“Many a man would rather you heard his story than granted his request. ” ~ Phillip Stanhope, The Earl of Chesterfield The greatest gift you will ever give or receive is simply – to listen. The act itself requires patience, on some levels even a bit of endurance, and though a modicum of empathy is always helpful as well, it really very simply comes down to our willingness to put our personal feelings, opinions and beliefs aside, if only to allow someone else a moment to have the floor. It takes two to speak the truth – one to speak and another to hear. ” ~ Henry David Thoreau To listen, by definition, is to make the conscious effort to focus our undividedattention on another person.
In the competitive world of business or the roller coaster ride that are relationships, the ability to listen, comprehend and respond is essential to effective communication. Whether it is our dreams, our fears, our prayers or simply our point of view we humans are eternally in search of someone who will open their ears, minds, and hearts to us, even as we risk our own laid out on the floor. Listening is an attitude of the heart, a genuine desire to be with another which both attracts and heals. ” ~J. Isham Instinctively, we look to another’s eyes and mannerisms for reassurance that we are deserving of love, worthy of intimacy and appreciated in our own right. It is through the gift of our time, if only for a moment, sharing in the weight of it, as we listen to another’s happiness or pain pour out of them, that we communicate this one simple thing – You are not alone.
The greatest compliment that was ever paid me was when one asked me what I thought, and attended to my answer. ” ~Henry David Thoreau I was told throughout my childhood to “Pay attention and listen! ” If I only had a penny, right? As children we are taught to hold hands when we cross the street, wash them when they get dirty and sit on them when it is time to listen. If only we were taught more through example, that personal satisfaction and fulfillment are achieved when we choose to act with compassion and empathy. If the person you are talking to doesn’t appear to be listening, be patient. It may simply be that he has a small piece of fluff in his ear. ” ~Winnie the Pooh So, how do we know if we are good listeners or if we are raising future good listeners? I would suggest that if you find yourself among the accused, then you are most likely guilty of the following – and you too might be one of the Listening Challenged.
1. Do you find yourself thinking about what you are going to say next, instead of listening to what is being said? . Do you listen to that little voice in your head that says, “You are so much smarter than this guy”, while they are speaking? 3. Do you believe that you understand what you think they said, but are not sureyou realize that what you heard is what they meant? 4. Are you a – Bore, n. : A person who talks when others wish you would listen? 5. Are you motivated by, ‘What’s in it for you? ’ – rather than kindness? 6. To the question: “Are you a good listener? ” Do you reply, “What? ” 7.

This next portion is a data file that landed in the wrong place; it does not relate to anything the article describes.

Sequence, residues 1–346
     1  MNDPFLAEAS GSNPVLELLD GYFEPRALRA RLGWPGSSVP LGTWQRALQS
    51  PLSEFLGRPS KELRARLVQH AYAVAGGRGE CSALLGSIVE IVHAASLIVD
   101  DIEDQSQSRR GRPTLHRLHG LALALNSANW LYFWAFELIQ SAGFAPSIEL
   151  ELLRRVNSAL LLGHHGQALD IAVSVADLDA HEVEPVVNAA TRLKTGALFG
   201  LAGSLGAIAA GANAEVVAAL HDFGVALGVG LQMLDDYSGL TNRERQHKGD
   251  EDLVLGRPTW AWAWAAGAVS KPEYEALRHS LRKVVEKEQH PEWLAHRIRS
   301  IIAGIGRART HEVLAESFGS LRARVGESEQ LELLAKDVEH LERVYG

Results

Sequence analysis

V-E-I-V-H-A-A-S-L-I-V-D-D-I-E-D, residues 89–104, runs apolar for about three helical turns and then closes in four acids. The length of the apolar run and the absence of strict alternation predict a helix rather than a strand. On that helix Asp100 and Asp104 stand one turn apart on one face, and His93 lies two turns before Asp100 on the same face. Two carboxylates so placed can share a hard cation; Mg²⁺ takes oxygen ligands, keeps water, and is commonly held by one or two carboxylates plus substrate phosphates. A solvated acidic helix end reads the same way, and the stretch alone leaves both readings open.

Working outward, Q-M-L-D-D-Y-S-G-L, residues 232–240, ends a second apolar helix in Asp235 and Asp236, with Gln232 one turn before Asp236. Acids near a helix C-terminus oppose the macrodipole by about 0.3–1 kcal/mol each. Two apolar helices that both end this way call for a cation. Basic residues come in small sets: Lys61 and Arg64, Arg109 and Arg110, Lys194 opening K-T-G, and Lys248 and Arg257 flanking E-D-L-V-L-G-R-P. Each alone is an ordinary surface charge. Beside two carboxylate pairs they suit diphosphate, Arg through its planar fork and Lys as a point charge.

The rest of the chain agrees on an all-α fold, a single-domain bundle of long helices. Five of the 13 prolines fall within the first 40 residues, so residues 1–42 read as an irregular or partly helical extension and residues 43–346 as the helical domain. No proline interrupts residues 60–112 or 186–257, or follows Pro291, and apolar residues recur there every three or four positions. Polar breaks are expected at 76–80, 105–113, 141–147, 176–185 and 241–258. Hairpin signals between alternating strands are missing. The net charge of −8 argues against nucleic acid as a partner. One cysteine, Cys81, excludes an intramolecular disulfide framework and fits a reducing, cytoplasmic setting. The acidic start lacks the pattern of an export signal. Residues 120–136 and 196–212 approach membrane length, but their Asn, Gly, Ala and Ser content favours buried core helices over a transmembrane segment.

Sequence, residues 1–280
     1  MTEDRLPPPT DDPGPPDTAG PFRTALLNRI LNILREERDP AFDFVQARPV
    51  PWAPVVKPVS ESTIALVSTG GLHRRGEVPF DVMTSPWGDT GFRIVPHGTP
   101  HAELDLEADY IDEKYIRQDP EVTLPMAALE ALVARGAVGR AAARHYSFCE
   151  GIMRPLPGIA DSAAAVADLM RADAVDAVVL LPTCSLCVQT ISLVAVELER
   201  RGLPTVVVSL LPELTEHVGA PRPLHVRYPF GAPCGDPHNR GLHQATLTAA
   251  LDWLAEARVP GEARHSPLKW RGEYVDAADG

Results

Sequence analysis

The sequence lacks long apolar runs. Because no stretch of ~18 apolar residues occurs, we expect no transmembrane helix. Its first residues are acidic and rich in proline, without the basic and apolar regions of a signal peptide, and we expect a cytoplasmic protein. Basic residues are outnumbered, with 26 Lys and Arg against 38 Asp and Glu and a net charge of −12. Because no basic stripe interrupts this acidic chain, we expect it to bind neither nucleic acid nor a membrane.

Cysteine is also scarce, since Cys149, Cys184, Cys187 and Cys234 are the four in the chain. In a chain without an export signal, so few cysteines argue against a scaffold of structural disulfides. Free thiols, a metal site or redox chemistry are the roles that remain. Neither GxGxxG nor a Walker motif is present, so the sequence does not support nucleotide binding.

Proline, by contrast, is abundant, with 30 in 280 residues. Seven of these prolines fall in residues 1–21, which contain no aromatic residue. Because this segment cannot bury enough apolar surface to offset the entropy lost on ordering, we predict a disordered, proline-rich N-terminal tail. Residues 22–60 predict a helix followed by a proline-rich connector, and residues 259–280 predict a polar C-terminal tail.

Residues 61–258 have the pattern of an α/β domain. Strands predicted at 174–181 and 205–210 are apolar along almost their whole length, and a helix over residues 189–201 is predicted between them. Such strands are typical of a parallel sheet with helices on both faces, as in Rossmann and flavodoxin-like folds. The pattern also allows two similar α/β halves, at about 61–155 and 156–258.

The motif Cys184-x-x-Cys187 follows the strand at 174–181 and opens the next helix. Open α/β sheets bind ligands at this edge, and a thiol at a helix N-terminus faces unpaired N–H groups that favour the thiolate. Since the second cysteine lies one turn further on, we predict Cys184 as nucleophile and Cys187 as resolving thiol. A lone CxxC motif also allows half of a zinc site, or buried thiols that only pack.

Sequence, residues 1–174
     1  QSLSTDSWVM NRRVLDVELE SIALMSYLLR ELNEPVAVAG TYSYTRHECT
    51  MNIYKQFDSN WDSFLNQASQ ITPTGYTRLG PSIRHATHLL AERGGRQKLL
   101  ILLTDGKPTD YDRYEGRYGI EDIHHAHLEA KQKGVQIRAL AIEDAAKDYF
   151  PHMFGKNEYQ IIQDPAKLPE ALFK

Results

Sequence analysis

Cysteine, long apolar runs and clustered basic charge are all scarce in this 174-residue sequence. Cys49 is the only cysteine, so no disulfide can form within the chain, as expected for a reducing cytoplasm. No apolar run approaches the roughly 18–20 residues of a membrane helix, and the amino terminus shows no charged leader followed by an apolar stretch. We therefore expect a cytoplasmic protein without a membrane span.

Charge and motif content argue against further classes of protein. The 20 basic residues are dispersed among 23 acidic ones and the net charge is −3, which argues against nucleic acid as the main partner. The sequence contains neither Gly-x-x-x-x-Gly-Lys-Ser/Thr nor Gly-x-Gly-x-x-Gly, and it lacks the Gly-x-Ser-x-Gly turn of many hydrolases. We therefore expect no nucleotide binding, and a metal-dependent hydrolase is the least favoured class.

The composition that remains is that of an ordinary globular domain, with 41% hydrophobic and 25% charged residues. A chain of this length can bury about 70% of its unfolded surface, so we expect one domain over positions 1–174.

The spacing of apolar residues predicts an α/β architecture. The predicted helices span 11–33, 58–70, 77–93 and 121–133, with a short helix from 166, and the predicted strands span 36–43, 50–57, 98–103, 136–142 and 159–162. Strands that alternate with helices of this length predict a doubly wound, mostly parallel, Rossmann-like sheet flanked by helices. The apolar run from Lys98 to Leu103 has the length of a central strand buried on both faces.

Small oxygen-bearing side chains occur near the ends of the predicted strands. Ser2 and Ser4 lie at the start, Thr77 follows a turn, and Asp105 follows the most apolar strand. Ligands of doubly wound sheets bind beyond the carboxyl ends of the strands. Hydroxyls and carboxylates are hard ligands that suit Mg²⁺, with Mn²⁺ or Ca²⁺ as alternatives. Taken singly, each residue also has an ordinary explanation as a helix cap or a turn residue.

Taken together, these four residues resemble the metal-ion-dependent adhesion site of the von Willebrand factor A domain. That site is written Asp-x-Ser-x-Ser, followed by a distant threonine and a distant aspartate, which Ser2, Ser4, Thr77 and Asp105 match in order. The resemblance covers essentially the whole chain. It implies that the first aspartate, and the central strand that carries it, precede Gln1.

Do you find your feet are pointed in the opposite direction of the speaker, telling the speaker through your body language that you are, in fact, “Late, I’m late for a very important date”? 8. Do you find yourself running through a mental grocery list, planning your weekend or trying to recall the lyrics to “Gilligan’s Island” instead of giving your full attention to the speaker? 9. Do you find yourself continuing with a task, while someone is trying to speak to you, rather than giving them a moment of your time? 10. Do you imagine yourself as a character in a Charlie Brown cartoon – “Wa, Waa, Wa, Waa, Wa”, when someone is speaking to you? “Listen. Do not have an opinion while you listen because frankly, your opinion doesn’t hold much water outside of Your Universe. Just listen. Listen until their brain has been twisted like a dripping towel and what they have to say is all over the floor. ” ~Hugh Elliot The human experience is all about how we choose to coexist – And Listen, whether it is with our loved ones, our co-workers, within our own communities or with our neighbors across oceans and continents.
There are no boundaries to unfulfilled potential. We have only to shelf our own insecurities and resentments long enough to hear out another’s to be good listeners. To recognize our imperfections – is to admit that we always have growing to do. It is what makes us wise. To believe that we are capable of change – is to embrace our truest nature. It is what gives us our humanity. “An individual has not started living until he can rise above the narrow confines of his individualistic concerns to the broader concerns of all humanity. ” ~Martin Luther King, Jr.